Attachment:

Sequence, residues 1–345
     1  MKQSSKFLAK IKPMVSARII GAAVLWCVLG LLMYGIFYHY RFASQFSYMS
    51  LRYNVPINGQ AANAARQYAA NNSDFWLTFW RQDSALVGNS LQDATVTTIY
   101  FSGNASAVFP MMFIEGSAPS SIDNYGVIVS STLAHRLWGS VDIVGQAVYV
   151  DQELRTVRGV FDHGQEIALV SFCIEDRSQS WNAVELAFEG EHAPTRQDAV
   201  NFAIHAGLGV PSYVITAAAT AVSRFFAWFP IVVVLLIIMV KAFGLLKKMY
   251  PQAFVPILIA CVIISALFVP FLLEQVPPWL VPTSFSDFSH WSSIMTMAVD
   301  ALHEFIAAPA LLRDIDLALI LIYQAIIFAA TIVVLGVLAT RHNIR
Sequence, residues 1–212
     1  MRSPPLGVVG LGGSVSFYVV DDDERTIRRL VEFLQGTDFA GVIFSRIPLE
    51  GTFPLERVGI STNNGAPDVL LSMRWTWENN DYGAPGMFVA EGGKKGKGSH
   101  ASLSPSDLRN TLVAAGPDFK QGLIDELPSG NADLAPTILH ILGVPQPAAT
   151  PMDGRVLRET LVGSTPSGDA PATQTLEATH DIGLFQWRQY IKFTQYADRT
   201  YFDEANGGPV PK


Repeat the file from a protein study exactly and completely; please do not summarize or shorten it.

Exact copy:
Sequence, residues 1–345
     1  MKQSSKFLAK IKPMVSARII GAAVLWCVLG LLMYGIFYHY RFASQFSYMS
    51  LRYNVPINGQ AANAARQYAA NNSDFWLTFW RQDSALVGNS LQDATVTTIY
   101  FSGNASAVFP MMFIEGSAPS SIDNYGVIVS STLAHRLWGS VDIVGQAVYV
   151  DQELRTVRGV FDHGQEIALV SFCIEDRSQS WNAVELAFEG EHAPTRQDAV
   201  NFAIHAGLGV PSYVITAAAT AVSRFFAWFP IVVVLLIIMV KAFGLLKKMY
   251  PQAFVPILIA CVIISALFVP FLLEQVPPWL VPTSFSDFSH WSSIMTMAVD
   301  ALHEFIAAPA LLRDIDLALI LIYQAIIFAA TIVVLGVLAT RHNIR
Sequence, residues 1–212
     1  MRSPPLGVVG LGGSVSFYVV DDDERTIRRL VEFLQGTDFA GVIFSRIPLE
    51  GTFPLERVGI STNNGAPDVL LSMRWTWENN DYGAPGMFVA EGGKKGKGSH
   101  ASLSPSDLRN TLVAAGPDFK QGLIDELPSG NADLAPTILH ILGVPQPAAT
   151  PMDGRVLRET LVGSTPSGDA PATQTLEATH DIGLFQWRQY IKFTQYADRT
   201  YFDEANGGPV PK